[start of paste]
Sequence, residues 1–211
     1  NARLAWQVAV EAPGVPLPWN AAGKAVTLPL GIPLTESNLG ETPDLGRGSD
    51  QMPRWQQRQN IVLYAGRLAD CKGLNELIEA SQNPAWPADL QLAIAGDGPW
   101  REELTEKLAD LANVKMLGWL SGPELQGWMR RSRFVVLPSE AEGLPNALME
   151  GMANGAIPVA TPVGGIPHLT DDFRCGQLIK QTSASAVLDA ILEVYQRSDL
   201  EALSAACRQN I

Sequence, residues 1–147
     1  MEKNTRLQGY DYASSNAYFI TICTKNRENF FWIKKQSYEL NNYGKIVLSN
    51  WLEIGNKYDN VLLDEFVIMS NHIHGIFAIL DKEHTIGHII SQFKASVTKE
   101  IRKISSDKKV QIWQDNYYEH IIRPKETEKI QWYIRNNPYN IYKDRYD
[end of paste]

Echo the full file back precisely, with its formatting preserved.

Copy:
Sequence, residues 1–211
     1  NARLAWQVAV EAPGVPLPWN AAGKAVTLPL GIPLTESNLG ETPDLGRGSD
    51  QMPRWQQRQN IVLYAGRLAD CKGLNELIEA SQNPAWPADL QLAIAGDGPW
   101  REELTEKLAD LANVKMLGWL SGPELQGWMR RSRFVVLPSE AEGLPNALME
   151  GMANGAIPVA TPVGGIPHLT DDFRCGQLIK QTSASAVLDA ILEVYQRSDL
   201  EALSAACRQN I

Sequence, residues 1–147
     1  MEKNTRLQGY DYASSNAYFI TICTKNRENF FWIKKQSYEL NNYGKIVLSN
    51  WLEIGNKYDN VLLDEFVIMS NHIHGIFAIL DKEHTIGHII SQFKASVTKE
   101  IRKISSDKKV QIWQDNYYEH IIRPKETEKI QWYIRNNPYN IYKDRYD